THE “BUCH” WON’T STOP HERE
In what has been a disappointing season so far, there has been one bright spot. One white hot, supernova bright spot. His name is Clay Buchholz. Buchholz pitched for Boston the other day, going 5 and 2 thirds innings, giving up a run on 4 hits, striking out 3 and walking 3. He earned a win for the Red Sox in Toronto. It was Buchs’ first major league appearance in 2009. I’m not quite ready to give up on the John Smoltz experiment just yet, but at 1-3, 6.31, I am close. Brad Penny is 6-4 with an ERA of 5.02 for the year. If the Red Sox are going to trade a starter, it better not be Buchholz. Clay has been dominant in the I.L. going 7-2 with a 2.36 ERA. He’s struck out 89 men in 99 innings. I sat down with Buchholz and we chatted about his season and career.
Buch- great outing for Boston. How did it feel?
“Oh, it felt good. I appreciate it too. It felt good to get up there and see the guys again. It felt like a couple of years, even since Spring Training was over. It was definitely a good spot for me to be in. I was pleased I got the invitation to pitch for Boston again. Hopefully it leads to more. Bigger and better things.”
When the invitation does come, does it catch you by surprise?
“It was a little bit of a surprise. It always seems to come after a rough outing. My last outing (with the PawSox) things didn’t go quite the way I wanted. I had just left the clubhouse and I wasn’t in the best mood when I got a call from RJ, telling me I should get back because he had to talk to me. It was weird because I was mad, then very excited. It was definitely a good thing. I’d like to be up there for more than just one start. I’m back here. With the starting staff they have, it’s a rough road to compete with. You gotta take what you get and hopefully, you get some more later.”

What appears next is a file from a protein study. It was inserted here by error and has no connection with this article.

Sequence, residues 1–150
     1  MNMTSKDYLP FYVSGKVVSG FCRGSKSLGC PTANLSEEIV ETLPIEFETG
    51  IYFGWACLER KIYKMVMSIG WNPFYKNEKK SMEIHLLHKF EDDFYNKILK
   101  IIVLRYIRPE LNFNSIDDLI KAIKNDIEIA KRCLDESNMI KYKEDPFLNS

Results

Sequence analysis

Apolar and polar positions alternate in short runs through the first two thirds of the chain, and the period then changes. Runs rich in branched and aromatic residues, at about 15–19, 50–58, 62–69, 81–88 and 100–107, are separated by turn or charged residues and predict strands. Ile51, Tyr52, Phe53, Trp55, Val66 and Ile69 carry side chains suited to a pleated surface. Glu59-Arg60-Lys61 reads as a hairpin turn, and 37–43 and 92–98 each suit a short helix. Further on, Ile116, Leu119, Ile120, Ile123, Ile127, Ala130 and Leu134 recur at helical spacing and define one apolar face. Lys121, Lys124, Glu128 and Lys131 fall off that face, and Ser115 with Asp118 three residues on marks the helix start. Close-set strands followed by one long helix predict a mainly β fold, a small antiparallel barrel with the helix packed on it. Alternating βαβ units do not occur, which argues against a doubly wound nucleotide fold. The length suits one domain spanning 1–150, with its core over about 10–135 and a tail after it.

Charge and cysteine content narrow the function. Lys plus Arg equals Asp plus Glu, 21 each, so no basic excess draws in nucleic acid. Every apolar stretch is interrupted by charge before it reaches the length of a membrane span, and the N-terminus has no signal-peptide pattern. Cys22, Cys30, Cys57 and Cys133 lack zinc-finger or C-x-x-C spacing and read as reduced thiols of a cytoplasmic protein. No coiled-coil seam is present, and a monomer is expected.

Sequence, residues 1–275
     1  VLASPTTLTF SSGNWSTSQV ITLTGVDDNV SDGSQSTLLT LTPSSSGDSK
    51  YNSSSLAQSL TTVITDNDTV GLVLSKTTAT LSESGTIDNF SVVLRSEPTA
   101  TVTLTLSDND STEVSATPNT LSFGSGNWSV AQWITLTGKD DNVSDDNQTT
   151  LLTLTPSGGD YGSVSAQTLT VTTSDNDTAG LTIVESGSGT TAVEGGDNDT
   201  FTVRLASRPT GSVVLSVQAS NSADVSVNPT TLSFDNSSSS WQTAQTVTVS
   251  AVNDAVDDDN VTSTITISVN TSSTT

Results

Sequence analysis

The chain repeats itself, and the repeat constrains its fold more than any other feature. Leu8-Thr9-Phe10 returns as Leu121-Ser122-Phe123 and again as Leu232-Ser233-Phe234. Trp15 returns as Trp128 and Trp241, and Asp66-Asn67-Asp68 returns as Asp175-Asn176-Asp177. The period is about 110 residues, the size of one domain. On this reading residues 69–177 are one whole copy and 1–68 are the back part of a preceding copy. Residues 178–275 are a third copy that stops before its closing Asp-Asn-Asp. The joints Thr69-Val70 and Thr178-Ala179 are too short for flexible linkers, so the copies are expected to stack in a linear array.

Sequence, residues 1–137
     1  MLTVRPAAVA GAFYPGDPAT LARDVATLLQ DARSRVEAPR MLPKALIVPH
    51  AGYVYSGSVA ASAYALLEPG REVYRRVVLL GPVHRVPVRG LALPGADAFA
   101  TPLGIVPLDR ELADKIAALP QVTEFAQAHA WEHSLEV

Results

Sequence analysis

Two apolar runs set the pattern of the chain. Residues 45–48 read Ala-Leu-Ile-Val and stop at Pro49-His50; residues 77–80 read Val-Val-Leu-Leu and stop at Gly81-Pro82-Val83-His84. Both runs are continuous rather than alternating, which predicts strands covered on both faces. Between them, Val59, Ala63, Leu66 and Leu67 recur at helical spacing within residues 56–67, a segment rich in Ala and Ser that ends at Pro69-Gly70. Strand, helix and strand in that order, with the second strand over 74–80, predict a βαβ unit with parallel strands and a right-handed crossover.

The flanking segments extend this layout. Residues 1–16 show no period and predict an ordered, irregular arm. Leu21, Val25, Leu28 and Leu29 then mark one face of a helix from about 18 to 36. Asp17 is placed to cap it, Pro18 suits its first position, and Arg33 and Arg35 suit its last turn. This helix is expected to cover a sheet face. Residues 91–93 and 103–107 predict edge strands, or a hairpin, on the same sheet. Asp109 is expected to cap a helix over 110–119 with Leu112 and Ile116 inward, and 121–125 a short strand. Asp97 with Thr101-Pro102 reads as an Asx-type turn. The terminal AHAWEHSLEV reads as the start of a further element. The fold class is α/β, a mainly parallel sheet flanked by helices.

You used the word “appreciate” before. In what way?
“They (Boston) gave me a lot of opportunity last year. You can’t be trying to win a championship and develop your young pitchers at the same time. You’ve got to be able to go out there and know what you’re doing. The struggles came and I gave up on myself before they did. I don’t even think they gave up on me. They just had to do something different. I say “appreciate” because they gave me another opportunity to go up there and prove to myself and everybody that I can do it.”
How much “internal pressure” did you apply on the day of your start, and can you tell me about the hours leading up to the game?
“I didn’t think I’d be that nervous in Toronto. I think I was more nervous before that start than I was at any other point in my pro career. Even the whole “no-hitter thing”, I was nervous but at the same time you can’t control any of that. It was definitely a unique feeling going out there again and after almost a year layoff being on a Major League mound. I can’t really describe it, but after I threw the first pitch and the first strike, the feeling went away and I went back to pitching like I have been down here all year.”
You threw 17 of 24 first pitch strikes. How important was that to your success?
“That was the whole game. It was something I’ve been working on for the last couple of years. Throwing strikes without throwing it right over the plate, down the middle. You’ve got to throw a quality pitch. It’s one of the harder things to do. You start thinking about things and outguessing yourself. I thought- Alright, you’ve got two fastballs, a 2 seamer and a 4 seamer. I’ll use them as two different pitches, and I did.”